Obama overcomes obstacles to become first black president


To some, President-elect Barack Obama's electoral victory Tuesday night was an inevitable conclusion to a campaign that enjoyed unlimited campaign cash, an unpopular incumbent party, a crappy economy and an opposing ticket with weeks of problems in information control. Obama was a celebrity politician that was riding a wave of liberal white guilt, said some detractors. Make no mistake; they're wrong. Obama had to fight to get to where he is now and he rarely received a free pass. Hopefully, he will show the same patience, perseverance and good judgment as the president of the United States.

When Obama announced his campaign in February 2007, he certainly was not the favorite for the Democratic nomination. He had to run for the party's nomination against the most anticipated presidential candidate in a generation, Sen. Hillary Clinton. Before the prospect of "Obama for America" became real, the role of leading adversary was expected by both the pundits and the New York senator to be former Sen. John Edwards – whatever happened to him again?

Obama was not expected to do well with white voters, the most important demographic population-wise in the electorate. He was perceived by pundits to have problems with Hispanic American voters, the fastest growing electorate. But this now-known narrative hides the fact that Obama had trouble with his perceived strongest base, African Americans. No, it was not because of his alleged lack of a shared background with a minority population that saw centuries of institutionalized racism. His initial problem was with blacks who were skeptical of a candidate who at that point has captivated a handful of affluent liberals and some media pundits. Many of the same black voters viewed Bill Clinton's years in the White House fondly, and were expecting Hillary to carry on the torch. Ultimately, the same voters were suspicious of white racism, and it took an Obama victory in Iowa for Barack to prove everyone wrong.

Opposition researchers and internet trolls looked into the senator's background, searching for any detail that could hurt the Obama biography. The Rev. Jeremiah Wright news cycles were a crucial moment for testing how Obama would behave under a cloud of controversy. He decided to defy conventional methods of rapid response and instead gave "A More Perfect Union," a speech that addressed his complicated relationship with his pastor while putting it within the context of the problems with racial issues faced by all Americans. Ultimately, he described the racial tension as exaggeration by the media and a distraction to the problems that are hurting all Americans despite their ethnicity. Theoretically, it was a speech that pundits should have hated: it was a direct appeal to voters that did not have the obvious lines intended for sound bites, but going against conventional wisdom by asking the American people to listen before prejudging managed to quell the controversy.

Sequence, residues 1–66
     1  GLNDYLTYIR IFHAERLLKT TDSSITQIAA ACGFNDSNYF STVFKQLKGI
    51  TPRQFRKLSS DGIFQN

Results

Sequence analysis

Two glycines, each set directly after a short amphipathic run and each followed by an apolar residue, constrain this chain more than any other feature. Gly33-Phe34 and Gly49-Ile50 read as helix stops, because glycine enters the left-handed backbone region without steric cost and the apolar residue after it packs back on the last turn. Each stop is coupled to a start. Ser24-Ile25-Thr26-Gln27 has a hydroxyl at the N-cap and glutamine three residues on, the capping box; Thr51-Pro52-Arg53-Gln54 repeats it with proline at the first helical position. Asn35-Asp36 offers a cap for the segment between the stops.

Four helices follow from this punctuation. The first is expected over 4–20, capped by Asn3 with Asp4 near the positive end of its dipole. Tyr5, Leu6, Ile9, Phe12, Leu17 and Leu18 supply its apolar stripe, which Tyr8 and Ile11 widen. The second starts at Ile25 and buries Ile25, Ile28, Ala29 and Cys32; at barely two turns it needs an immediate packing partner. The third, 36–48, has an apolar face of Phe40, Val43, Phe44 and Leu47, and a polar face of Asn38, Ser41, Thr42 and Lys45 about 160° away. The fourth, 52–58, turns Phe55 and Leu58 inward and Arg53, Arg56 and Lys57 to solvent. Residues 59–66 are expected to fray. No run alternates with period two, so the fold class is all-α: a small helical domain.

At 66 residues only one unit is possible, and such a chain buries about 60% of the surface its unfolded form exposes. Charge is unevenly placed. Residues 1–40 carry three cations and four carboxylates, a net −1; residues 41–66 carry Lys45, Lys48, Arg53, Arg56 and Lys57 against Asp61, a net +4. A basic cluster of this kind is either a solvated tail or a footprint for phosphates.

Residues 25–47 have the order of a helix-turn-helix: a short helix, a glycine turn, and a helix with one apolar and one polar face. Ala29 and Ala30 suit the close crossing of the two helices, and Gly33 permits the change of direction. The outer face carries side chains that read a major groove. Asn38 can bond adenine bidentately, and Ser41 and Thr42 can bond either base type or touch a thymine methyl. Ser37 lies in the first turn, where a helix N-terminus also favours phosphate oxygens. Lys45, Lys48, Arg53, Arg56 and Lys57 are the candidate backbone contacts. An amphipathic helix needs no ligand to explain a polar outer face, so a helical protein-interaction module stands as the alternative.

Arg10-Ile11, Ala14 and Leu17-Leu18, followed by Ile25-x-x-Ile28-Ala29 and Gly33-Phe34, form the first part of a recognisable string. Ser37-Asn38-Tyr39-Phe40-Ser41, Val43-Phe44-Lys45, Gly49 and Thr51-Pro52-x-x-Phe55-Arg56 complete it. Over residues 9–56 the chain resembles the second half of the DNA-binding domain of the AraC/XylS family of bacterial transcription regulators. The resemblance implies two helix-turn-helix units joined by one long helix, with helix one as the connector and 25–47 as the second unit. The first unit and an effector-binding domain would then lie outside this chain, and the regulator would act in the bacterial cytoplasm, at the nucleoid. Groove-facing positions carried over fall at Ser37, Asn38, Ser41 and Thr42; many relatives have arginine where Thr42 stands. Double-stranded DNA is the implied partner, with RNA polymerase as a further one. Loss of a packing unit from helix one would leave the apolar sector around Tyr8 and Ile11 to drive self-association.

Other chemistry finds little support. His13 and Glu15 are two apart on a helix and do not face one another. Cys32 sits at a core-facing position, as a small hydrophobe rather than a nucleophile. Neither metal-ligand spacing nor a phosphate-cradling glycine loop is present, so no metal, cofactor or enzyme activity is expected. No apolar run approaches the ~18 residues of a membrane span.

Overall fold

Obama's campaign was not the "fairy tale" that Bill Clinton was criticized for labeling it as. The Illinois senator had to make compromises, like rejecting public financing and selectively going negative. He effectively turned "change," "hope," and his own initials into a brand marketed in a similar matter as McDonald's or Nike. Certainly, a good amount of his campaign cash came not from the small donors that he highlights. Perhaps a few newscasters on MSNBC liked the senator more than they should have, yet Obama's success in the presidential election rested largely on his good political judgment and lucky timing.

His two biggest self-produced assets in his campaign were his 2002 speech opposing the Iraq war and his alleged "gaffe" in which he said he would speak to top leaders of enemy nations without preconditions. In both cases, reality slowly bended in his favor, and his judgment appeared to be ahead of the curve. His vice presidential choice of Sen. Joe Biden seemed safe and inoffensive to a point that it may have mildly disappointed supporters who would have preferred a riskier choice. Yet a few weeks later, we got to see what a risky vice presidential candidacy looked like to the world.

Obama's presidential campaign on the internet broke ground in matters that made Howard Dean's 2004 campaign look like Ralph Nader's. He took a medium that was perceived to be over-hyped to his advantage, making aggressive use of social networking to fundraise and communicate messages. For the sake of his platform, I hope this new virtual campaign infrastructure remains in tact well past Election Day to lobby congress for the reforms and initiatives Obama has been talking about. Change that the president-elect spoke of did not happen by a mere election. It should happen in the first hundred days of office.

Colin Powell stated that while race must never be the reason for voting for or against a candidate, we should all be proud as Americans that we have finally reached a point where our nation can overcome enough of its own sins of racism to elect Obama. Yet this clearly important significance downplays the oratory skills of the president-elect and the small daily decisions made by him, which were wise. Without it, the world would not be waking up today with a renewed faith in the American way.

Roger Sheng is a Rutgers College senior majoring in political science and journalism and media studies.  His column, "The Echo Chamber," runs on alternate Mondays. 


Roger Sheng

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